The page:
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China's Xi warns of rising risks as party charts course for five years

BEIJING (Reuters) - Chinese President Xi Jinping, commenting on the ruling Communist Party’s recommendations for the next five years, said on Tuesday said the country faces a significant increase in risks.

China's President Xi Jinping speaks while taking part in an event marking the 70th anniversary of the Chinese People's Volunteer Army's participation in the Korean War at the Great Hall of the People in Beijing, China October 23, 2020. REUTERS/Carlos Garcia Rawlins

Xi and the Central Committee, the largest of the ruling Communist Party’s top decision-making bodies, concluded a four-day meeting on economic and social policy goals for the next five years last month.

It was not immediately clear to what risks Xi was referring but China faces rising tensions with the United States over issues including trade, Hong Kong, Xinjiang and human rights and economic shocks brought about by the coronavirus pandemic.

“At present and over the next phase, China is prone to all kinds of contradictions and risks, and the various risk factors, both foreseeable and unforeseeable, have increased significantly,” Xi was quoted by the Xinhua state news agency as saying.

Rather than setting a numerical goal to double GDP or per capita income by 2035, China will prioritise optimising economic structure and development quality, Xi said.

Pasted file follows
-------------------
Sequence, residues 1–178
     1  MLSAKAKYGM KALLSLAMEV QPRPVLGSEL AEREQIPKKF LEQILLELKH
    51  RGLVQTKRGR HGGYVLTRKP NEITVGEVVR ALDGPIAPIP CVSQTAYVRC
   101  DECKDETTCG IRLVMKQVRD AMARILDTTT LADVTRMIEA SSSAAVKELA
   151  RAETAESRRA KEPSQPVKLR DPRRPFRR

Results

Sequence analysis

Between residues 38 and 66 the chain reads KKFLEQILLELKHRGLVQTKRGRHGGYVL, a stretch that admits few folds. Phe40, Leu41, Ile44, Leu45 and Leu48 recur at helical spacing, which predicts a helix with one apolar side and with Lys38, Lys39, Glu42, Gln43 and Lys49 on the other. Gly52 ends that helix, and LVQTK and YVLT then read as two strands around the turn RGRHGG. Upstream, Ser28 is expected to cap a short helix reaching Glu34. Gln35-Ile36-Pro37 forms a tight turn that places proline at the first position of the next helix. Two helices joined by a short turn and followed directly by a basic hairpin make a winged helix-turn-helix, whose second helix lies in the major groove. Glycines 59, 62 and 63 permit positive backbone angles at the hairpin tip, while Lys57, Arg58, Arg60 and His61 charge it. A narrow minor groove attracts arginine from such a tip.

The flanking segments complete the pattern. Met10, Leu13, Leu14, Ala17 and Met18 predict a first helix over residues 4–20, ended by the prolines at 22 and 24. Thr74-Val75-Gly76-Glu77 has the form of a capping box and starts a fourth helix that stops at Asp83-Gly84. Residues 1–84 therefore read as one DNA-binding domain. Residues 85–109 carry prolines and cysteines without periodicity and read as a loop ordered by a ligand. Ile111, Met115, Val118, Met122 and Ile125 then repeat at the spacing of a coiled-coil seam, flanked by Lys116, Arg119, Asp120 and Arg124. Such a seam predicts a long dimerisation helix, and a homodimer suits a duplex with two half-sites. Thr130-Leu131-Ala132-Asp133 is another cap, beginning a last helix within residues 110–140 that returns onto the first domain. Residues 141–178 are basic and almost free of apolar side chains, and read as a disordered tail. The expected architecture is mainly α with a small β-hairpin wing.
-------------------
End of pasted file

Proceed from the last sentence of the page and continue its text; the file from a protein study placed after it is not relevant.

However, reaching such goals is “entirely possible”, he said, adding that China was set to declare it has achieved the goal of turning the country into a moderately prosperous society in the first half of 2021.

China is doubling down on domestic consumption and innovation, while aiming for sustained and healthy economic development, with an emphasis on a higher quality of growth, the party said in a communique last week.

China is set to narrowly miss a previous goal of doubling GDP in the decade to 2020, as the economy needs to grow at least 5.6% this year to hit that target. The economy could grow just over 2% this year.

In the party’s recommendations for economic and social development, it said technological prowess would drive growth, with key projects planned in artificial intelligence, quantum information, semiconductors and other areas.

It will encourage the merger of companies in strategic emerging industries and provide tax incentives for companies involved in basic scientific research. Development of China’s sovereign digital currency will be steadily pushed forward.

It will also support Beijing, Shanghai and the southern Greater Bay Area, including Hong Kong, into becoming global tech innovation centres.

China will boost the overall competitiveness of the state economy and keep manufacturing industry’s role in the economy basically stable, said the party, while reiterating its existing policy of discouraging speculation in the property market.

Reporting by Stella Qiu, Gabriel Crossley and Kevin Yao; Editing by Nick Macfie

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